On the other hand money will keep being printed, and the global economy will at worst stand still nominally before expanding again. Hence, my best guess is that the oil price will bounce back to at least the marginal cost of production (for a volume at least on par with demand today) within two years.



I’m tempted to buy oil now, but maybe you shouldn’t be

That‘s why I’m suddenly (starting Friday August 7) tempted to get some exposure to the (brent) oil price again. That, and my inherent contrarian disposition (I hate people and crowds ; )

Do you know yourself well enough to be trusted with your own money on the financial markets?

If you’re not completely sure, subscribe to my newsletter for future updates, and read my free eBook to get a sense of the psychological prerequisites for investing. Feel free to share this article with anybody you think might be interested.

And just a few facts to round off: A standard oil barrel contains 42 gallons or 159 litres and weighs a little more than 300 punds. The 42-gallon standard oil barrel was officially adopted by the Petroleum Producers Association in 1872 and by the U.S. Geological Survey and the U.S. Bureau of Mines in 1882, since the full-sized 84 gallon watertight barrel simply was too heavy to handle for one person.

32 Replies to “Time to buy oil: Fighting Bulls & Catching Knives”

  1. Mikael,

    If the arguments above would classify the diagnosis of Asperger’s, then I would have it as well, along with a lot of people I know that are disillusioned with society’s conformist behaviors. On gold, it appears that an accumulation is occurring reinforced by a positive divergence. It could still drop more, but I would argue that it would be a safer bet than going in on oil, especially since the drop has not stabilized yet.

  2. The entire markets can stay irrational longer thn you can stay solvent thing makes me hesitant to do these kinds of things. Oil in this case is mostly one state actor, so maybe invest in the shale oil company basket vs the commodity?

  3. I listened to an interview with Morgan Downey (the author of Oil 101). He had some really good arguments on why oil prices should go up in the long run.
    So I definitely think you have a point here. I’m pretty tempted to buy some oil at these prices too, but I think I’ll wait just a little bit more. :)

  4. First of all, thank you! I feel that I’m learning so much reading your blog and have reevaluated quite a few of my views on life in general and finance in particular based on your posts.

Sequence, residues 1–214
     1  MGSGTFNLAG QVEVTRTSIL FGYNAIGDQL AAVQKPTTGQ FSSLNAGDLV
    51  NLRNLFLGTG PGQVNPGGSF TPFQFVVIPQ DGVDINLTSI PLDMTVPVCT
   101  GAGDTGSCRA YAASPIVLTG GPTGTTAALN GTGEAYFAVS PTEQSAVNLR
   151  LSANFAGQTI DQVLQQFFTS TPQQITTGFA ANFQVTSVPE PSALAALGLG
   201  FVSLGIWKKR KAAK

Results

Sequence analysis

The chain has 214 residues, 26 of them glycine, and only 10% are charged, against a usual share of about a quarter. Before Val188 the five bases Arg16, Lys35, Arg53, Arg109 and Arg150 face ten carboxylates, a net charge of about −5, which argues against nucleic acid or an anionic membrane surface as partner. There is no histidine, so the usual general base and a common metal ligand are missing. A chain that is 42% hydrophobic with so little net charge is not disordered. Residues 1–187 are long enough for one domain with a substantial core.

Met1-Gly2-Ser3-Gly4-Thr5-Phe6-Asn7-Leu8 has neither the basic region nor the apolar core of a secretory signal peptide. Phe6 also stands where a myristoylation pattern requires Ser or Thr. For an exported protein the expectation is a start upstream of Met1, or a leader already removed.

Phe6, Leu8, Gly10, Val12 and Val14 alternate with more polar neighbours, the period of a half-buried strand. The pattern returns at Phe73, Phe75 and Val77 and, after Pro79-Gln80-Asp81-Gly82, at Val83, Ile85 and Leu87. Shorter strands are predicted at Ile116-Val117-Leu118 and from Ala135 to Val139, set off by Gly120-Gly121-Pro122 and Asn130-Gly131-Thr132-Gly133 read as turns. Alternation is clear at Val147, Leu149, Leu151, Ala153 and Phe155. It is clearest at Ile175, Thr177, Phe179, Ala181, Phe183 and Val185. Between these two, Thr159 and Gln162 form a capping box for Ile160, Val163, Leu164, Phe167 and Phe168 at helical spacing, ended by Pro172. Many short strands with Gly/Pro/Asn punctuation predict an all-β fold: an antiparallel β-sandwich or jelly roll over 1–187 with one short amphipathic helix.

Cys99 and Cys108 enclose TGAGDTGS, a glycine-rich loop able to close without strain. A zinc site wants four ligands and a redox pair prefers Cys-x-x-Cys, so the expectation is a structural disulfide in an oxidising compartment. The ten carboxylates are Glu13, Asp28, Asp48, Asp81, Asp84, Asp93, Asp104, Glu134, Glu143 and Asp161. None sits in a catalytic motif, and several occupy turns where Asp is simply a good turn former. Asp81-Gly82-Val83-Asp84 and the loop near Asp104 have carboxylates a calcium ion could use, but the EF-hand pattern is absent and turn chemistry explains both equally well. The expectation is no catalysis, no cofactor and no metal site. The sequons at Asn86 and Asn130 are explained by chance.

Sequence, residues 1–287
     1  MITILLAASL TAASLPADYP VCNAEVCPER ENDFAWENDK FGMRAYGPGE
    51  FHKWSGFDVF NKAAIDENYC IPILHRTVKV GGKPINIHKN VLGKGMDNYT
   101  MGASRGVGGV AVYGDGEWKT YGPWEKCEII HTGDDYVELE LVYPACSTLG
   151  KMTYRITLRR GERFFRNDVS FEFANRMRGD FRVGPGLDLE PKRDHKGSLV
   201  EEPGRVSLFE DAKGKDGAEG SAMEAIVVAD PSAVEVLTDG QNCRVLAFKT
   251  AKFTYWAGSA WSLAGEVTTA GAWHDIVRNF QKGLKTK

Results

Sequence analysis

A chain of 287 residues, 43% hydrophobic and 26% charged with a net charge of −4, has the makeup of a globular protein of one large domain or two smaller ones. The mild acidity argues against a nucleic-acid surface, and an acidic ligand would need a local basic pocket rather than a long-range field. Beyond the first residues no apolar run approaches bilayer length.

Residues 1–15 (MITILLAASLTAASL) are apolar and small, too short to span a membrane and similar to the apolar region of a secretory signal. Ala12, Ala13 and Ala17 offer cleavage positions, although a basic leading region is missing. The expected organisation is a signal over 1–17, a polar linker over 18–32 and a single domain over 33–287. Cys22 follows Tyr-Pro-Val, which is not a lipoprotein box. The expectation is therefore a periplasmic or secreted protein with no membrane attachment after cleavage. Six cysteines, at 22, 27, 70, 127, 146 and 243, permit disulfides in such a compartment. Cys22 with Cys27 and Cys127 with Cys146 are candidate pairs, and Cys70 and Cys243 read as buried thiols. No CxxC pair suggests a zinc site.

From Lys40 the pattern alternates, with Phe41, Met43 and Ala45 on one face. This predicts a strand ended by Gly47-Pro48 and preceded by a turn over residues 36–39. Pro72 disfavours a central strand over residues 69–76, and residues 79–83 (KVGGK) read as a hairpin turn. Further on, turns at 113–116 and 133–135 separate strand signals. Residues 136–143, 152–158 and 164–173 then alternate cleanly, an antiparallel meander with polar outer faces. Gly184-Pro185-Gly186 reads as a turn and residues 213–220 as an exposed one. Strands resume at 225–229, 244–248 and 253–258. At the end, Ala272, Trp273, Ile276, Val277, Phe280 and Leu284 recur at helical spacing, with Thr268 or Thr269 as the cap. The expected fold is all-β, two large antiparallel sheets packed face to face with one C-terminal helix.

Question; Bitcoin? What is your take on it? Is it the future or a hox just waiting to blow up? I haven’t made up my mind yet but think cryptocurrency is some form or another might play a big part in future.

    1. CCs will take over. I’m just not convinced it will be Bitcoin. Probably there will be more than one, perhaps millions. Every network could have a CC, you could use millions of different CCs yourself; your virtual agent will keep track.

      I wouldn’t buy Bitcoin. Well, maybe I would, but not more than a median year’s wage (for the typical worker)

  5. Two oil scenarios to ponder:

    1) “Business as usual”: current over-supply of about 1.8m barrels/day will be gone in about 18 months as oil demand continues to grow (albeit at a lower rate than before as emerging markets aren’t that vivid) while US and Canadian crude oil production will at least half to about 6.5-7.0m barrels/day, North Sea continues to fall and some incremental additions coming from Iran, Saudi et al. Marginal cost of production after this transition should be about $65/barrel; in theory the market price for oil. Thus a 30-45% upside to WTI and Brent, probably more.

    2) “Geopolitical crap and protectionism”: 7 of 16 Republican candidates for the Presidential elections in 2016 mentions “energy independence” as a target and some of the Democrats do too, but Hillary does not. China has vast unutilised shale gas and some oil resources. Saudi need money for swelling military budget as they are in deficit (and recently issued bonds for the first time in a long time). Russia’s budget sucks and military spending is back to 7-8% of GDP. And so on and so forth. Oil supply growth will continue to exceed demand. Marginal cost AFTER SUBSIDIES fall and WTI and Brent in the range of $30-40/barrel for years is the effect.

    1. Lakeflower, Admin,

      I think alternative 2 is much real. All the producers want a high price in the long term but they also need any money short term, hence the willingness to accept the lower price.

      My take on the oil situation is that it is being shaped by this political situation. Since russians and saudis needs a lot of money for their expenses at the current and produce even at a lower price.

      While much of the american production, in my understanding, needs a higher price to be really profitable. Here I have also caught that the Saudis does not want the american oil to intrude on their market share, which keept is seemed as more profitable for them in a long run. An other reason for them to keep up production at the lower price.

      If the americans choice too support their industries for the sake of energy independance. It has also the side effect of continuing the pressure on Vladimir Putin which they welcome.

      I find this interesting and I suspect prices to be pressured at least for a year but when the one of players described above cant take it anymore in this endurance race.